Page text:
2010 Student Research Conference:
23rd Annual Student Research Conference

CCD Photometry of Eclipsing Binary Star Systems
Colleen M. Campbell
Dr. Matthew M. Beaky, Faculty Mentor

Eclipsing binary systems contain two starts that orbit around a common center of mass and eclipse one another twice per orbit. Light curves are graphs of the variation in brightness of the eclipsing binary system over time, and are created from images captured by a telescope and a CCD camera. From the light curve, an accurate model of the eclipsing binary system can be developed, including physical parameters such as mass ratio, temperature ratio, and inclination angle. Light curves for three eclipsing binary systems, AS Coronae Borealis, V1036 Herculis , and V1055 Herculis, were obtained at the Truman Observatory and at Lowell Observatory in Flagstaff, Arizona. We attempted to match the light curves obtained via CCD photometry with a synthetic curve using the modeling program PHOEBE by manipulating various physical parameters. Results for the three eclipsing binary star systems that we observed will be presented.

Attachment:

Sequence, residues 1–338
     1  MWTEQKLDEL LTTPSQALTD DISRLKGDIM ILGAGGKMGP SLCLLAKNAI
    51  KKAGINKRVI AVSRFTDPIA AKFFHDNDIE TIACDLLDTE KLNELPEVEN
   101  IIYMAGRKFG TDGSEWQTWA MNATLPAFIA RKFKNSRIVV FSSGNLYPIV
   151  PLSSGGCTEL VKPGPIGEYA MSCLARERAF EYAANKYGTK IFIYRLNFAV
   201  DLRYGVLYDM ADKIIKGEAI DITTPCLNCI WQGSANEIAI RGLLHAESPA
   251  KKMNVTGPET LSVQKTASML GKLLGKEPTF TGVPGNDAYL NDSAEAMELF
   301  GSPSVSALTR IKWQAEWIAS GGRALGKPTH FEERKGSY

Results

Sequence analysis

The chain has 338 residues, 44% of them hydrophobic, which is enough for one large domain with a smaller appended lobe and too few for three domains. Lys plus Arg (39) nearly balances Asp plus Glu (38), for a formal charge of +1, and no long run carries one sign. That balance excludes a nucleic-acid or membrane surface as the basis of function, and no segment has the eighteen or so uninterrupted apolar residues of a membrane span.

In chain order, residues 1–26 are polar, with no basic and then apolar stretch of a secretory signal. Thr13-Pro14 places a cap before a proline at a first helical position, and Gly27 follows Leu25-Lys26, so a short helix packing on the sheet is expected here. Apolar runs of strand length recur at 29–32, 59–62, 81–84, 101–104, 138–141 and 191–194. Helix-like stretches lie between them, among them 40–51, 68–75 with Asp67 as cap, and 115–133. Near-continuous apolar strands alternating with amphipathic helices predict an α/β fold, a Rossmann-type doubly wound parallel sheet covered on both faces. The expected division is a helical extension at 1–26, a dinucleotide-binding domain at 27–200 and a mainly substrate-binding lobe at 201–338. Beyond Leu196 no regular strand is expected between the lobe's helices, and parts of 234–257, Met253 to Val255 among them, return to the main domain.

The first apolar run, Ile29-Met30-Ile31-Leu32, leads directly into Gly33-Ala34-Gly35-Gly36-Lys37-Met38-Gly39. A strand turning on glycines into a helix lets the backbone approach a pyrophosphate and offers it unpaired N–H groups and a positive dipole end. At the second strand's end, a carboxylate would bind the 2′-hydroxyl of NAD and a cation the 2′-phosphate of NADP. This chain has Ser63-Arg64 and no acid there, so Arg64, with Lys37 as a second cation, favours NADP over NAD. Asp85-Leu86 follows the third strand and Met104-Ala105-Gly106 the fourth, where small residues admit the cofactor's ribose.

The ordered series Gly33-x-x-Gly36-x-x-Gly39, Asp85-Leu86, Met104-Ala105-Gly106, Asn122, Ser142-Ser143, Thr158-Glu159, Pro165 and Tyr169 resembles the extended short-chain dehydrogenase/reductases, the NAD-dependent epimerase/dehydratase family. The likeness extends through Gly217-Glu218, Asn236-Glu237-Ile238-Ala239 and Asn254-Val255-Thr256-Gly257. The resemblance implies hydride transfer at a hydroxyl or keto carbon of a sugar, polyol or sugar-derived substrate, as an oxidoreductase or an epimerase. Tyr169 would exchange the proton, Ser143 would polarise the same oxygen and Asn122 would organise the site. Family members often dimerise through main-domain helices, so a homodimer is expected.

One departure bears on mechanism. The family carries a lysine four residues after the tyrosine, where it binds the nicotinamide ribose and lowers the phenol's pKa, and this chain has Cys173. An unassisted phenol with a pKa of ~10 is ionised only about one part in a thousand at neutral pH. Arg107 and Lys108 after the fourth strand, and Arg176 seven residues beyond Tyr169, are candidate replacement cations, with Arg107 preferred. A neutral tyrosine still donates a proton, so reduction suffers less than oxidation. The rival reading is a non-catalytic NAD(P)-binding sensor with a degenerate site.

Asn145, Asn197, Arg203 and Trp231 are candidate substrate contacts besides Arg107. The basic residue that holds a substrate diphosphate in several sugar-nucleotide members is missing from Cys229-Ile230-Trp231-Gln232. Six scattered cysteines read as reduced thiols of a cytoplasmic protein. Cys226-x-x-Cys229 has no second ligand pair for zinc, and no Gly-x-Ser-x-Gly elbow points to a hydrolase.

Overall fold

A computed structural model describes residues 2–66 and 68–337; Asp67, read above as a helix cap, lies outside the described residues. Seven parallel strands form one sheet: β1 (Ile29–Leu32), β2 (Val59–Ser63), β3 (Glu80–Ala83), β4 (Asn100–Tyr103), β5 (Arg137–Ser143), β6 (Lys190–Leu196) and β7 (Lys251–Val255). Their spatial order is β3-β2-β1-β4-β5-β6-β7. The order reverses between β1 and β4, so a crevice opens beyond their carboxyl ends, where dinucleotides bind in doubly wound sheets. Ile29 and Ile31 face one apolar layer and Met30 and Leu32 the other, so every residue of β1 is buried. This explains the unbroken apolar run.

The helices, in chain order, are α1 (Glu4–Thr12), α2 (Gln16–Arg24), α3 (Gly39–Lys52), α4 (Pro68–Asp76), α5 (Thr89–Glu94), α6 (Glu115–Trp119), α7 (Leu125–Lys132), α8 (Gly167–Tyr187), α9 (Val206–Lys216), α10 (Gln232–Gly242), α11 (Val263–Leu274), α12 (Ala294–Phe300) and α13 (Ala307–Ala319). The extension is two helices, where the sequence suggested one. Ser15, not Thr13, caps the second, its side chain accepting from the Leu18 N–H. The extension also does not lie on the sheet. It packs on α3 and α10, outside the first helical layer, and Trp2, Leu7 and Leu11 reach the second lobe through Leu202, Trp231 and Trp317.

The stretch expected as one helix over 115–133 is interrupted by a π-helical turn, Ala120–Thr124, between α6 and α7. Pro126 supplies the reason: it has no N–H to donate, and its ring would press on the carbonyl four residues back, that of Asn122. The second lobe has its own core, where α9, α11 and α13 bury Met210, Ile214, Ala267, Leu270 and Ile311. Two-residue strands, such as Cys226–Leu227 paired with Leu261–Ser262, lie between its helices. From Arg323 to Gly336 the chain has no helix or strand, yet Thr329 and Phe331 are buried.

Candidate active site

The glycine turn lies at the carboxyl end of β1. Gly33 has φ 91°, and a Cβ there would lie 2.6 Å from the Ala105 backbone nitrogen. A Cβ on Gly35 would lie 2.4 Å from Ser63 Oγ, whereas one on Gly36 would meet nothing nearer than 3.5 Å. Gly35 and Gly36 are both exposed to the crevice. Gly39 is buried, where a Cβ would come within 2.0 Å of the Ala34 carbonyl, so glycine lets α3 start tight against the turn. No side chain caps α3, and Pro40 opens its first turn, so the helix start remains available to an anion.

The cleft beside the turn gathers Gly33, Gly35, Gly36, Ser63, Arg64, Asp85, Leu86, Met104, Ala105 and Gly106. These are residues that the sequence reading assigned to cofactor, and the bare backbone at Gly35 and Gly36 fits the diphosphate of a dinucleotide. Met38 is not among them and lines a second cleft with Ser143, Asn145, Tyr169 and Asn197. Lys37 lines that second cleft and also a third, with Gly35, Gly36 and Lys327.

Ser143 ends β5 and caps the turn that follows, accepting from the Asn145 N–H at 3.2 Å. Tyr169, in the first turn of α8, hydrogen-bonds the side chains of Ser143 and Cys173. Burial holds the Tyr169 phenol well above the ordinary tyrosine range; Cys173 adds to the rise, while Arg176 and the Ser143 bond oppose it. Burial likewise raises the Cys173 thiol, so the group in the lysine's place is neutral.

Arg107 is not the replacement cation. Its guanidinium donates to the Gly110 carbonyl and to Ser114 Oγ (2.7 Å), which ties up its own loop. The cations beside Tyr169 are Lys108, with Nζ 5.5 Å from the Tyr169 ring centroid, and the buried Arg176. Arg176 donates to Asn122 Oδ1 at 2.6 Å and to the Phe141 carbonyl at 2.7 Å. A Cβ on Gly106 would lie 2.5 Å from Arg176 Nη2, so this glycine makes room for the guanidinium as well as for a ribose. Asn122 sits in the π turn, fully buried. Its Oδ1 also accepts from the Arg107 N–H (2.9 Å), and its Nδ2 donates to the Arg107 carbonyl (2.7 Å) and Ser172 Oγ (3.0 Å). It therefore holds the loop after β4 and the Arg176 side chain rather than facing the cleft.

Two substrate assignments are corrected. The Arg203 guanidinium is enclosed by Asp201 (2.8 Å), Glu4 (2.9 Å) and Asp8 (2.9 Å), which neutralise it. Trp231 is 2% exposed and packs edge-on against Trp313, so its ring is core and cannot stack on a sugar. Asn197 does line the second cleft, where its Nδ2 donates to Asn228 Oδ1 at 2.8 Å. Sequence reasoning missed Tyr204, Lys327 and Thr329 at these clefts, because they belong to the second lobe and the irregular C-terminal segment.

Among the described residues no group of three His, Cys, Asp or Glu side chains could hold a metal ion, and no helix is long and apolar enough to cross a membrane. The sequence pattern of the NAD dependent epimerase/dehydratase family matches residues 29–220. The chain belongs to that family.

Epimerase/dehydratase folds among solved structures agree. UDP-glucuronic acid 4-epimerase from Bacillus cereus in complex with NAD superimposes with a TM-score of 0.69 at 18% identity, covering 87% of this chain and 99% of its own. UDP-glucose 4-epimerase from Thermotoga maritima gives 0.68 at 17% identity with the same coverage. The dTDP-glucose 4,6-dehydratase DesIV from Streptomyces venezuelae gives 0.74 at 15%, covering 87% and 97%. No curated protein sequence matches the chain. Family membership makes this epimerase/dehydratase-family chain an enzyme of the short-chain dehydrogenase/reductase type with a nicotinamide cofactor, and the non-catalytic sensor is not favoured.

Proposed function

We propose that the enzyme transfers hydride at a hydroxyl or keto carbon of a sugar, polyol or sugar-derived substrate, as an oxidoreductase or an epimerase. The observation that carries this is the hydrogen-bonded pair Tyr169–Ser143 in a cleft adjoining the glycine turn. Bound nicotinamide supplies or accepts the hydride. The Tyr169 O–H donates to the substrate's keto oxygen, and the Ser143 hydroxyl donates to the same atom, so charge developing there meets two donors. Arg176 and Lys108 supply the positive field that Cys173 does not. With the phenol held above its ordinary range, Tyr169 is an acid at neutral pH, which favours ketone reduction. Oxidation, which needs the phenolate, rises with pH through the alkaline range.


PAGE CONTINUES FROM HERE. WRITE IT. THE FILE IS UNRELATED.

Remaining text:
Presentation Type: Poster

Session: 10-2
Location: SUB-GEO
Time: 4:15

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